Railroad to nowhere

April 24, 2006

The poster boys of pork may have bitten off a little more this time than their colleagues are willing to swallow.

Mississippi Sens. Trent Lott and Thad Cochran, two former Ole Miss cheerleaders with such money muscle they need to consult no others in directing federal funds to their poor state, have inadvertently provided a powerful argument for reforming the congressional spending process.

The pair, a once and perhaps future majority leader and the Appropriations Committee chairman, took advantage of their access to a must-pass emergency measure for Iraq and Hurricane Katrina reconstruction to add $700 million for a long-sought highway and rail redesign to promote economic development along the Gulf Coast.

"We suddenly had this really great opportunity, and we're trying to seize upon it," Anthony Topazi, a Mississippi utility executive, told the Associated Press.

What's outrageous is that the senators are exploiting the tragedy of Katrina to get federal relief aid to dismantle and move a perfectly good freight rail line that CSX has just spent $300 million to repair from hurricane damage. And this at a time when much of the region still lies in ruins.

Such a goody grab should be the tipping point that finally persuades the Republican majority to heed its budget hawks and eliminate the "earmarks" that allow lawmakers to win approval for pet projects without any competitive review. Mississippi's senators led the resistance last month to a reform requiring that such items - as well as last-minute provisions to legislation never approved by either the House or Senate - be easy to identify and remove. But now they've made a great case for adopting even tougher restrictions.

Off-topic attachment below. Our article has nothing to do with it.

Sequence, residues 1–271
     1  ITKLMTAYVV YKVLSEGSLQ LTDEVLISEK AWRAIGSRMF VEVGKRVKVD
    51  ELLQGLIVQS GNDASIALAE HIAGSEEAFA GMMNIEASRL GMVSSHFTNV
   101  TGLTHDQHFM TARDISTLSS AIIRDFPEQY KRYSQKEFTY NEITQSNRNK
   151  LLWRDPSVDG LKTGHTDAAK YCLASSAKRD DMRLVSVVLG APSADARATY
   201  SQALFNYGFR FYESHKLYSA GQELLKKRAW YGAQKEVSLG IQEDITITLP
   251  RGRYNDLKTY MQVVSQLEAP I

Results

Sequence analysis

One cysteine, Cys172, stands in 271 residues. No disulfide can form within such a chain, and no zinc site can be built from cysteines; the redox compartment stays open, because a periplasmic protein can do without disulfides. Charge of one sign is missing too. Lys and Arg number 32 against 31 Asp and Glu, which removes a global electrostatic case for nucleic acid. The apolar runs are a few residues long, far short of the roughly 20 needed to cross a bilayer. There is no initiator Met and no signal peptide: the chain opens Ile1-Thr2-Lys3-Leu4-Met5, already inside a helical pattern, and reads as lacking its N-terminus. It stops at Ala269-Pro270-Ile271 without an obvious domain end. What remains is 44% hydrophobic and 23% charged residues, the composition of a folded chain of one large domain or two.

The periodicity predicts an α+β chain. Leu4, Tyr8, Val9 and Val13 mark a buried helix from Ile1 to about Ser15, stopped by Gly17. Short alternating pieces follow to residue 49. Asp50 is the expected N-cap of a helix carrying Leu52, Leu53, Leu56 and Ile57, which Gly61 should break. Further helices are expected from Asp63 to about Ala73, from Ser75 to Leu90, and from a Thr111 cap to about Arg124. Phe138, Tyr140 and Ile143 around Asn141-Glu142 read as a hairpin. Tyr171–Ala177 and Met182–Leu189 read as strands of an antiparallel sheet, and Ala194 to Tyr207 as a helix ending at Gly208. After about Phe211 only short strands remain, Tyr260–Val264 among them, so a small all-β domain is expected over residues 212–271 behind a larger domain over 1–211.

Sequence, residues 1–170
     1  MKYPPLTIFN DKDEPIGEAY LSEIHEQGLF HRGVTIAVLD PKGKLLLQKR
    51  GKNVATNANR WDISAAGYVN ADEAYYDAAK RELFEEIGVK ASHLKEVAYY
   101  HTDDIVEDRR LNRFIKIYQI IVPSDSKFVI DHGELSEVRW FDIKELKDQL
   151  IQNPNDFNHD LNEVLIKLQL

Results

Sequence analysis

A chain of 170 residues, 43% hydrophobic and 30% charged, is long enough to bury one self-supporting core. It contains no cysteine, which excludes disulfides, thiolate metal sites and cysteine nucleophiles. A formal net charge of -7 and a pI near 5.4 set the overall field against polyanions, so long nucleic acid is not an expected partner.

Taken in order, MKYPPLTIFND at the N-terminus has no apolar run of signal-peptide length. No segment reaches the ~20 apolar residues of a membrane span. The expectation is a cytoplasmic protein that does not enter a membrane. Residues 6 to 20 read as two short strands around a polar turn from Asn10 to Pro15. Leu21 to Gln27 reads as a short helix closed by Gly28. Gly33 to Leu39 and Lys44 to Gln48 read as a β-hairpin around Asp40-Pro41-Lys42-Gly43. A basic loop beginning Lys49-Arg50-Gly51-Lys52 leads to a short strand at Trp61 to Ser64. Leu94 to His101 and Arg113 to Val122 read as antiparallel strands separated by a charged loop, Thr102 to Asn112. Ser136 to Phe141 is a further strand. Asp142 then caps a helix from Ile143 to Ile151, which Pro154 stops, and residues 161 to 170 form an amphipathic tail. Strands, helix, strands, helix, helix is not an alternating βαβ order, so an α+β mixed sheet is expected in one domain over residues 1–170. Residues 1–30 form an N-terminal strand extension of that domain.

The Mississippians' greedy move could also influence the House, where reformers want to ban earmarks to restore fiscal discipline.

In any event, at a time when thousands are still homeless, schools are still closed and sanitation systems still aren't properly functioning, moving a railroad to redesign a highway hardly seems like the best use of money that would add to the federal deficit. This boondoggle must be derailed.

Baltimore Sun Articles
|
|
|
Please note the green-lined linked article text has been applied commercially without any involvement from our newsroom editors, reporters or any other editorial staff.